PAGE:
Overview Chapter 8: The impact of public policies on European fertility
This chapter outlines the positions in the current debate about the possibility of using public policies to influence fertility. We note the polarization between, on the one hand, those who view public policies as obvious means for lifting the currently low fertility levels in Europe, in line with the role of economic policies in a modern society; and, on the other hand, those who feel that family policies are inefficient, and perhaps even unnecessary. We place the contributions of the national chapters of this book in this framework and describe the formidable methodological difficulties that face those who seek to investigate policy impacts on fertility behavior. While properly conducted empirical investigations have overcome such problems and have clearly demonstrated policy effects in specific circumstances, we conclude that, in general, national fertility is possibly best seen as a systemic outcome that depends more on broader attributes, such as the degree of family-friendliness of a society, and less on the presence and detailed construction of monetary benefits.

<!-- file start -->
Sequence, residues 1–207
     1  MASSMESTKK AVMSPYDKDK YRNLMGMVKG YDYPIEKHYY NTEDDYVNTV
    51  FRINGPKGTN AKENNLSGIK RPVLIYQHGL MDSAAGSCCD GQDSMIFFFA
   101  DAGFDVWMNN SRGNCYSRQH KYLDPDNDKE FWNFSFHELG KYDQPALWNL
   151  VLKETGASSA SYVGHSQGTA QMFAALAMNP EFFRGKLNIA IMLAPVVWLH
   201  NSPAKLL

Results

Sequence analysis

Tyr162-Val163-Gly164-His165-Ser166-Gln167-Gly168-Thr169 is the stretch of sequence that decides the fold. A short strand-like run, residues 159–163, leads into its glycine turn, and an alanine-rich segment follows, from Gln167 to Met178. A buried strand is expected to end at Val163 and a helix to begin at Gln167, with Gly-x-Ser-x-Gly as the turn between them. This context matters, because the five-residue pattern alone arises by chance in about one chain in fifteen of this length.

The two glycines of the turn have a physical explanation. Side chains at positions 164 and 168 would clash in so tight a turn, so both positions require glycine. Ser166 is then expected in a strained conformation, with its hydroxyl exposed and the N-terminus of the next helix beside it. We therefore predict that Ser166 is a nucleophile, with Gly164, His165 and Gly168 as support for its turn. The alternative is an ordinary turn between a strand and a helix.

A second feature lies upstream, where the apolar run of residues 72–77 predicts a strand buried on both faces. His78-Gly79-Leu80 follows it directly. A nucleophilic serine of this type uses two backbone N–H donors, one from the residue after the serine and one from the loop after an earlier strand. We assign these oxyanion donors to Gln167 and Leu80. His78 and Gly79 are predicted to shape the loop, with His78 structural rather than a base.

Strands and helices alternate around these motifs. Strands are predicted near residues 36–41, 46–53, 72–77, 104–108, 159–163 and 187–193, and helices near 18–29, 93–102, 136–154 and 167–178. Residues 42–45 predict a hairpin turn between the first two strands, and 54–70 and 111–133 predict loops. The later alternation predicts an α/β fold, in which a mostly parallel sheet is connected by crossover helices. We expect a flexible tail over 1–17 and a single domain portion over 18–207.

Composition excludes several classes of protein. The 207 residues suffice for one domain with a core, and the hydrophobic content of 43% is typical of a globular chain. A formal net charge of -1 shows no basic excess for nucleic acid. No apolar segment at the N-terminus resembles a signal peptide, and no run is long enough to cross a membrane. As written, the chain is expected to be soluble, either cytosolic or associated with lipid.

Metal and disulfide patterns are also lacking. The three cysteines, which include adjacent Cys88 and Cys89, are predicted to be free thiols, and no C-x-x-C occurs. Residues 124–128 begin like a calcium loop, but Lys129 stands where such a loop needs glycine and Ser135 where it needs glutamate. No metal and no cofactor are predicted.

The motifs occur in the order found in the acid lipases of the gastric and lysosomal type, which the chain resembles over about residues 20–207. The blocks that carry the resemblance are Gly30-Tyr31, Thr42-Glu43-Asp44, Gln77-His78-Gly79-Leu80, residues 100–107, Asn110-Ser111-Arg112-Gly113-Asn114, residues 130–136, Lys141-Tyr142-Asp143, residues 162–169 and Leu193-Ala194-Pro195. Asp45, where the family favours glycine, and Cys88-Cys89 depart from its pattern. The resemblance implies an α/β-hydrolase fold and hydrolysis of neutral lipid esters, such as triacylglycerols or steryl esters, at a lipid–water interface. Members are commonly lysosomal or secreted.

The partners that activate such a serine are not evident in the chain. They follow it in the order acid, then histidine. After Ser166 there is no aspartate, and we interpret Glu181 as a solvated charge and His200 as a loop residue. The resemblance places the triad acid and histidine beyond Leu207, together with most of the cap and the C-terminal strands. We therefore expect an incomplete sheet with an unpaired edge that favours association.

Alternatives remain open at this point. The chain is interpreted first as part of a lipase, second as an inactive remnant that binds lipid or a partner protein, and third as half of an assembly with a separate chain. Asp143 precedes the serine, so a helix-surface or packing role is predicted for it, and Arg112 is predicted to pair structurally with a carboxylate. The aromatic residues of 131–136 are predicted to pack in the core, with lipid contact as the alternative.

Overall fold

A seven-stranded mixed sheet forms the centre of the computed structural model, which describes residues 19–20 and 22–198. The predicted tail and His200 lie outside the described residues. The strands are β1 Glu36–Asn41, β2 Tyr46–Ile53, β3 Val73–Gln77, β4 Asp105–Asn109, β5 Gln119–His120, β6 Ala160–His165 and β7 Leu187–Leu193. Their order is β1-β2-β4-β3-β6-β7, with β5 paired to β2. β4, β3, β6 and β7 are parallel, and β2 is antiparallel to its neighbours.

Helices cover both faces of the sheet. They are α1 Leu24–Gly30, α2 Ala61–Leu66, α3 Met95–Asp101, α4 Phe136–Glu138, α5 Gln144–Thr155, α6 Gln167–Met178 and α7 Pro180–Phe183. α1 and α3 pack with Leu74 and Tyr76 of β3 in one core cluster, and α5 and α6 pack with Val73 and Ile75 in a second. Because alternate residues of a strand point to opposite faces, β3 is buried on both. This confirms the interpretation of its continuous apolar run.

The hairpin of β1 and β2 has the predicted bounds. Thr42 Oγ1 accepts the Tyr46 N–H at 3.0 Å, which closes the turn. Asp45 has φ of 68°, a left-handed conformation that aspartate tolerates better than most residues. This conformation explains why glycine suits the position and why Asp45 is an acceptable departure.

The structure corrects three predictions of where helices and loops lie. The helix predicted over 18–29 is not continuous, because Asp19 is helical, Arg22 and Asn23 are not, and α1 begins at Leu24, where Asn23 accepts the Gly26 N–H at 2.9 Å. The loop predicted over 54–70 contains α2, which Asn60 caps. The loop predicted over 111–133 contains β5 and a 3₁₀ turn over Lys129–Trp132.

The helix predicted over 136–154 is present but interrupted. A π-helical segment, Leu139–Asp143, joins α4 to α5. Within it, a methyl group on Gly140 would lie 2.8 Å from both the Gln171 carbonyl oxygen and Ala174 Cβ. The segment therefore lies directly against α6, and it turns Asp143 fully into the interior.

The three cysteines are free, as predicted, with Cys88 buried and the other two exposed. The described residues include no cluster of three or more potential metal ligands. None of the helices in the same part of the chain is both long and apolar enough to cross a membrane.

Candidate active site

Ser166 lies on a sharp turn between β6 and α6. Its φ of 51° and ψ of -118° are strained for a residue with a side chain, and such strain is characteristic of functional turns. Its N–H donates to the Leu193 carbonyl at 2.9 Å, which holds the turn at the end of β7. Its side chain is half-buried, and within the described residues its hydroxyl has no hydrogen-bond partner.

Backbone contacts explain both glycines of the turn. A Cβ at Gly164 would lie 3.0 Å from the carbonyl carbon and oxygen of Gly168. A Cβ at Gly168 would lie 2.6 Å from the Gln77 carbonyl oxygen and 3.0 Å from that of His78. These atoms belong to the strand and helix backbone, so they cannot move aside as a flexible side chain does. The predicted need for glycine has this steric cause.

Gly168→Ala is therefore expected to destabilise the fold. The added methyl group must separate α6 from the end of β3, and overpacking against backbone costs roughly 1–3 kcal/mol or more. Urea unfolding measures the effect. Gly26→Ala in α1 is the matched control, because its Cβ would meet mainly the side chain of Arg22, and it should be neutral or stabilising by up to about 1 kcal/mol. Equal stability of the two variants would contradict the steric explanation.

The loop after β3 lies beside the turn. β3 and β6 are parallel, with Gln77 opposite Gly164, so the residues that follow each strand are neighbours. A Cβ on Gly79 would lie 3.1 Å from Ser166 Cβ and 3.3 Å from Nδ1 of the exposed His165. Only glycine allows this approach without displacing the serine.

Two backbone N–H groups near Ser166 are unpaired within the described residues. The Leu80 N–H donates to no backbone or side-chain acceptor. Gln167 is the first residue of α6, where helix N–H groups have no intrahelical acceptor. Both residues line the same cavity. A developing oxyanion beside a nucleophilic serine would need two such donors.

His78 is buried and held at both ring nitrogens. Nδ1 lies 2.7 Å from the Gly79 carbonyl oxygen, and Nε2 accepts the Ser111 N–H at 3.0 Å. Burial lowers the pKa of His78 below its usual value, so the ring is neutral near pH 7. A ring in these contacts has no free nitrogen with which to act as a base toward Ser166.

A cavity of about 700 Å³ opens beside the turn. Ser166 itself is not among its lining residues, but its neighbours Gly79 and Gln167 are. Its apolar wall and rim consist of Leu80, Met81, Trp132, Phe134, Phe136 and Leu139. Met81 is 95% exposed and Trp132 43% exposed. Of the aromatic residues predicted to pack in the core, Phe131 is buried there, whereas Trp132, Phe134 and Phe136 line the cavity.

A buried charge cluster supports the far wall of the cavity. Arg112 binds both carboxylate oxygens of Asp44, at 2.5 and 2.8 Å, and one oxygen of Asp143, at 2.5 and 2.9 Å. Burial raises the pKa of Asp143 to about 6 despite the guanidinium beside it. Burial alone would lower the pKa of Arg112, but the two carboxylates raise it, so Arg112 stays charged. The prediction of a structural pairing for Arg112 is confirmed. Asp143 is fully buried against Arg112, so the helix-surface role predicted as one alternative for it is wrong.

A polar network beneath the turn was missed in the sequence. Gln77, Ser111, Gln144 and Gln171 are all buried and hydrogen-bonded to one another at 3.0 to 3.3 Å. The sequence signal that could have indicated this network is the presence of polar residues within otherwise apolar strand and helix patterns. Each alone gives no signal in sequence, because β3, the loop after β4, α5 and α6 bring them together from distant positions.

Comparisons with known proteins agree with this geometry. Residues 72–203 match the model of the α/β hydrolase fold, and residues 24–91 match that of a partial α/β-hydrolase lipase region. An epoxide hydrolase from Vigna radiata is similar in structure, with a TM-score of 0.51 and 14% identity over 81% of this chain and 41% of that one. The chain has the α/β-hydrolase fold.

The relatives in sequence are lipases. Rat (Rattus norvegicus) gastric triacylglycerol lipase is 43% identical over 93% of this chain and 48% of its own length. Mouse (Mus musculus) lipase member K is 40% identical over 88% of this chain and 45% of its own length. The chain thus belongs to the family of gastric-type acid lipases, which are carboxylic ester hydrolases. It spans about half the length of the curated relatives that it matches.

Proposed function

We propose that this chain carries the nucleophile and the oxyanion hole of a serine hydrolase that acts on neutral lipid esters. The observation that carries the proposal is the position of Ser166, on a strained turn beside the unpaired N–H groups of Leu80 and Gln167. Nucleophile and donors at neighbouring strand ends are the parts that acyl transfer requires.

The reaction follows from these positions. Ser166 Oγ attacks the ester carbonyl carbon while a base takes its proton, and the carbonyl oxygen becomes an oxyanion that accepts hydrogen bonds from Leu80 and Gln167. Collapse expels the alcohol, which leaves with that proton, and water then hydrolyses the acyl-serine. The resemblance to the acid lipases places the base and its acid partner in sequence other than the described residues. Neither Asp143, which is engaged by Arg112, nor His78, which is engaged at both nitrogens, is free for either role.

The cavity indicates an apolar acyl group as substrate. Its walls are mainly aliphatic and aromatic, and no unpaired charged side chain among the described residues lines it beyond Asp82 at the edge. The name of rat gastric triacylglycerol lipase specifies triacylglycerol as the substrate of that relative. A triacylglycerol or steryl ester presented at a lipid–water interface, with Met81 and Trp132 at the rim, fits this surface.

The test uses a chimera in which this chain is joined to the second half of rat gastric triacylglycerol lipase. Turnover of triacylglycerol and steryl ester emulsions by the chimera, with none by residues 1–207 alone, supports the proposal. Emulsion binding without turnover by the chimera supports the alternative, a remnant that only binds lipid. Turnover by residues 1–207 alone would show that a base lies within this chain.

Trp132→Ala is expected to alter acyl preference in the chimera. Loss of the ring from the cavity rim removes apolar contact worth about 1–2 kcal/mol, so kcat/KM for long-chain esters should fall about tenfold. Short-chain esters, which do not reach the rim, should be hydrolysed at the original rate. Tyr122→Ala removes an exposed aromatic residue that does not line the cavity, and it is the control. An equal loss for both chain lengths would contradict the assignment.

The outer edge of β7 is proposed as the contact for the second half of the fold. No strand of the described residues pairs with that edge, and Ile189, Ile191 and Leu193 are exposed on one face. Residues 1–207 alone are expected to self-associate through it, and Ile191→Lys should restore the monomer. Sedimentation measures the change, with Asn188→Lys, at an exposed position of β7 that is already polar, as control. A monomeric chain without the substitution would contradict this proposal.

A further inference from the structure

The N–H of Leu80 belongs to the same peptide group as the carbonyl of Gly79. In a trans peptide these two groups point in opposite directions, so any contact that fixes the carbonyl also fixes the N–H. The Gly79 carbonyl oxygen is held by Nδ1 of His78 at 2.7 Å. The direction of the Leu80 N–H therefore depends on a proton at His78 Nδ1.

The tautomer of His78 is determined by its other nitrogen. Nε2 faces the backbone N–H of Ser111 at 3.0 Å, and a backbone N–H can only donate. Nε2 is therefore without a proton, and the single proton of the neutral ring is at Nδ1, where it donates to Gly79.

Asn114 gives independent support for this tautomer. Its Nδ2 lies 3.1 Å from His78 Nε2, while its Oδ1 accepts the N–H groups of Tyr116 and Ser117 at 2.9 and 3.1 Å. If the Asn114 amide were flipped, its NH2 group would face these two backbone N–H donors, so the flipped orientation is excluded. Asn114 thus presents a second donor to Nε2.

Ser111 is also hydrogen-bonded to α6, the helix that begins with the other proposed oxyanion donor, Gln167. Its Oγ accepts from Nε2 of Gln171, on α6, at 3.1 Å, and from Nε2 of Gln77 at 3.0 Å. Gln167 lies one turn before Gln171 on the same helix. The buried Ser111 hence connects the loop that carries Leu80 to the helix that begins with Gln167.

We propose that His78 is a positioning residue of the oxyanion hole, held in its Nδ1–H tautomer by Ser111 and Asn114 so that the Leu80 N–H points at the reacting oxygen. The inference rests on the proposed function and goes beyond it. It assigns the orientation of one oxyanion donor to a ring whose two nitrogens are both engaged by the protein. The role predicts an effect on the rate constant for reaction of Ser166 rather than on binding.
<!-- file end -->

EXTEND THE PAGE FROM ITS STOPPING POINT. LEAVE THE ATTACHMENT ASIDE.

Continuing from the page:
References listed on IDEAS
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- Tomas Frejka & Jean-Paul Sardon, 2007. "Cohort birth order, parity progression ratio and parity distribution trends in developed countries," Demographic Research, Max Planck Institute for Demographic Research, Rostock, Germany, vol. 16(11), pages 315-374, April.
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- Jan M. Hoem, 2005. "Why does Sweden have such high fertility?," Demographic Research, Max Planck Institute for Demographic Research, Rostock, Germany, vol. 13(22), pages 559-572, November.
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